Sometimes you need to execute a command, a shell script, or perhaps restart a service. You could create a custom task for that, but with this task you can configure Magallanes to do it easily.

magephp:
    environments:
        production:
            post-deploy:
                - exec: { cmd: './reload-docker.sh', desc: 'Reload Docker instances' }

The example above, when ran with ./reload-docker.sh locally on the post-deploy stage. The command will be executed locally or remotely based on the stage in which the task is defined.

The following are the parameters available for this task.

Parameter Default Description
cmd empty The command line to execute. This parameter is mandatory.
desc empty A description to output on the task execution.
timeout 120 Time out wait for the command execution, if the task takes too long you can tweak it here.

Cookbook

Custom Tasks

Magallanes is a powerful tool just as it is, but to really unleash it's potential you have to push it a little more. With custom tasks you can do whatever you want whenever you want.

Just like the built in tasks you can create your own, anywhere in your code. These tasks must comply two requirements: extend the class Mage\Task\AbstractTask and be loaded with Composer's autoload, and just that!

Let's see a very basic example.

<?php
namespace AppBundle\Library\Deployment;

use Symfony\Component\Process\Process;
use Mage\Task\Exception\ErrorException;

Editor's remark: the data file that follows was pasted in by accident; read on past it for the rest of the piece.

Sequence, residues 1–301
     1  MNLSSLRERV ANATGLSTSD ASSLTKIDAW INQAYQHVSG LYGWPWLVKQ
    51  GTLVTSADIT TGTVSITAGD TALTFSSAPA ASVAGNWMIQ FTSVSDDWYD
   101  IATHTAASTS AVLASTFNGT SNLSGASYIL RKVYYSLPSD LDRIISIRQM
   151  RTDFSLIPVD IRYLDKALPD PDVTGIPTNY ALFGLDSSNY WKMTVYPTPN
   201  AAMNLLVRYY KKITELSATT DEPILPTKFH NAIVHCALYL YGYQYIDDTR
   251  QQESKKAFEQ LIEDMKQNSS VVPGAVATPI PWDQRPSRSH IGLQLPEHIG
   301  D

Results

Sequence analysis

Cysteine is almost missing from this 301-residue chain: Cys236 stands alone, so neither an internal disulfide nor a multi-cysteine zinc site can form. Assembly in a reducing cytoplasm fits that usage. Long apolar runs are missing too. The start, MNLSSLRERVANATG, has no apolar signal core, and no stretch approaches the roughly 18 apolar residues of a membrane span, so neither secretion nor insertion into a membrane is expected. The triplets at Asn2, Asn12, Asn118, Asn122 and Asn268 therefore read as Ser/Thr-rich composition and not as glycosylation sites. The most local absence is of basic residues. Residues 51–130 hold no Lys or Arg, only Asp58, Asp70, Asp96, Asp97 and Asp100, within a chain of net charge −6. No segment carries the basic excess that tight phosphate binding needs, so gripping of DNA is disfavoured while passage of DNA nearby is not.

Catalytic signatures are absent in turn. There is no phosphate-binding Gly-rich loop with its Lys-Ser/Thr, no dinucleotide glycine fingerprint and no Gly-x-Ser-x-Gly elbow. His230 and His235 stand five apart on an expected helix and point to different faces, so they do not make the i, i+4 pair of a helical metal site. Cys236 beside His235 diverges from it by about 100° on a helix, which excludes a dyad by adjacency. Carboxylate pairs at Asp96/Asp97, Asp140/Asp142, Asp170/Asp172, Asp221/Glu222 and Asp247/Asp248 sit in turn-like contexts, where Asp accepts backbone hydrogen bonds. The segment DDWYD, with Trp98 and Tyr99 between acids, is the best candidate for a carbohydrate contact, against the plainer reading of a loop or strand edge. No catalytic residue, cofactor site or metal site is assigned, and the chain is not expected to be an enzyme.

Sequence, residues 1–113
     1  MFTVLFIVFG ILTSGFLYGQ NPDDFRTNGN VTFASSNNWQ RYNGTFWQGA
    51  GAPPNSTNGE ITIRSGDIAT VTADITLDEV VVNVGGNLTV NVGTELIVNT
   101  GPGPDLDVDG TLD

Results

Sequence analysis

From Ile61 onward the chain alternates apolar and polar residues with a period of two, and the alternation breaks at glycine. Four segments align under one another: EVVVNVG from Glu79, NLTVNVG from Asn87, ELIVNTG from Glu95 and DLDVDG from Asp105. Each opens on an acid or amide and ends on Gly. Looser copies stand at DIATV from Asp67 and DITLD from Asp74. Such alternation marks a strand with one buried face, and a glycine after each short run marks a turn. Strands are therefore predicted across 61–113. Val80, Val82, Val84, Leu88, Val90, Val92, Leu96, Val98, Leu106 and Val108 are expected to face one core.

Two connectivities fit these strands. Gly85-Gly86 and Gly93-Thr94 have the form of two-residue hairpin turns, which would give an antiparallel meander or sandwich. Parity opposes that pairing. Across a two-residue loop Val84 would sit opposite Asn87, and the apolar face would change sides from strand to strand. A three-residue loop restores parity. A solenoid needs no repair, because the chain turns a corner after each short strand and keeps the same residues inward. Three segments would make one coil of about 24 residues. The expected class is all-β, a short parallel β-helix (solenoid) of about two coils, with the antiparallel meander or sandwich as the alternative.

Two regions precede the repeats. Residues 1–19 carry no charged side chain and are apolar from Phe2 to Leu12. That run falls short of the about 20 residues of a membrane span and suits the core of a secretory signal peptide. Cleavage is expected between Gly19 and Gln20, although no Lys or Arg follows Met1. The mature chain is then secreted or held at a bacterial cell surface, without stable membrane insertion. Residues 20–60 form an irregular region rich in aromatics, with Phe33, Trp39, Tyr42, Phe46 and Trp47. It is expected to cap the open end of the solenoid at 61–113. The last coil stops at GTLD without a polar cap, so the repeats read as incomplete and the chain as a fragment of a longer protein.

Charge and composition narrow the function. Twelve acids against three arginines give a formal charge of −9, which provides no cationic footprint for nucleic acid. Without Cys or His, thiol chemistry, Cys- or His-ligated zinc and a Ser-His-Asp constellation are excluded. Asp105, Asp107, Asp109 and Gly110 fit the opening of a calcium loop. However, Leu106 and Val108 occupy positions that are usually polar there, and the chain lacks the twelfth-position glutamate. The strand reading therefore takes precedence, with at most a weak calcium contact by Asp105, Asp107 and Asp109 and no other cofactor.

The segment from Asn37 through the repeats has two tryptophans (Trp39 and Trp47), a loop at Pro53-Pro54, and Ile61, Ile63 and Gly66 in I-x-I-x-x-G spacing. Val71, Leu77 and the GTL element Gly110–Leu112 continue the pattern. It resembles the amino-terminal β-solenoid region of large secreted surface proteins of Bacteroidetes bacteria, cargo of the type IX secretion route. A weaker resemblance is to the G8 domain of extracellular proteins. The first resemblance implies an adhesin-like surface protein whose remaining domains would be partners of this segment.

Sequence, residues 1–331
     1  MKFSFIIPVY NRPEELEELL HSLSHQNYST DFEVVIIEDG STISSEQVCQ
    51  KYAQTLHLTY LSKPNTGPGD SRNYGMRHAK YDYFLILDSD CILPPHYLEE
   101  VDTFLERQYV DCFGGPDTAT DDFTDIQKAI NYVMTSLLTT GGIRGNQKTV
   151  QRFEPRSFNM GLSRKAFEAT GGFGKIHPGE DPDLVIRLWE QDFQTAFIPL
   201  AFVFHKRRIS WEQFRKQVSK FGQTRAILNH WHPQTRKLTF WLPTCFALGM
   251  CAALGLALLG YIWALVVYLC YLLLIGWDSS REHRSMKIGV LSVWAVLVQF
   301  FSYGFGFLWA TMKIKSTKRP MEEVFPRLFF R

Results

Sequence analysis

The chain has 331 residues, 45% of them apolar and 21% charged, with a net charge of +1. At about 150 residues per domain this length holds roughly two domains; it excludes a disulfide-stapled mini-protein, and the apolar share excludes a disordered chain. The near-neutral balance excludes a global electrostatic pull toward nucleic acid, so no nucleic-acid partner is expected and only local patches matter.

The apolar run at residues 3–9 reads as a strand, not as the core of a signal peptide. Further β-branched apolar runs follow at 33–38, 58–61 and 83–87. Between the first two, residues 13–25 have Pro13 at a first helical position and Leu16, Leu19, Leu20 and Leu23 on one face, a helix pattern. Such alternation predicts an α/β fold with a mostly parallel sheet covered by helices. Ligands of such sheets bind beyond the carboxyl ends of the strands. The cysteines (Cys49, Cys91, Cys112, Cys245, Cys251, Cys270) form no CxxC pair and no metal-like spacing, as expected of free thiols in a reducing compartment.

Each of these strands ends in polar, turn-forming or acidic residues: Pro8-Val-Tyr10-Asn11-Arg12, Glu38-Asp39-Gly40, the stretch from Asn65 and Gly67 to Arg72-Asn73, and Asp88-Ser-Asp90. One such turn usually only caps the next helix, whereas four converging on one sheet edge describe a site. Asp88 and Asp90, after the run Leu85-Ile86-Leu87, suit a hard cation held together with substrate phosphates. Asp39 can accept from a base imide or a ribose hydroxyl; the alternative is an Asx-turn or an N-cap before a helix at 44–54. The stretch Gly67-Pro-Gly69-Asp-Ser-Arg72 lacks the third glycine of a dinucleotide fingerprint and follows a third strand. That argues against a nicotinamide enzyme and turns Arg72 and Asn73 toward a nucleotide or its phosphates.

use Mage\Task\AbstractTask;

class PurgeMemcachedTask extends AbstractTask {
    public function getName()
    {
        return 'custom/purge-memcached';
    }

    public function getDescription()
    {
        return '[Custom] Purging Memcached';
    }

    public function execute()
    {
        if (!array_key_exists('server', $this->options) || !array_key_exists('port', $this->options)) {
            throw new ErrorException('Parameters "server" and "port" are required.');
        }

        $cmd = sprintf('echo "flush_all" | netcat %s %d', $this->options['server'], $this->options['port']);

        /** @var Process $process */
        $process = $this->runtime->runCommand($cmd);
        return $process->isSuccessful();
    }
}

You will be able to use this task as follows

magephp:
    environments:
        production:
            post-deploy:
                - 'AppBundle\Library\Deployment\PurgeMemcachedTask': { server: '10.0.0.50', port: 11211 }

Highlighted in the PHP code above you will notices some interesting things. First of all the Task Class is pretty simple, it extends Mage\Task\AbstractTask and implements three methods: getName, getDescription, and execute. Then the $this->options property is an array filled with the parameters defined on the task declaration, { server: '10.0.0.50', port: 11211 } in this example.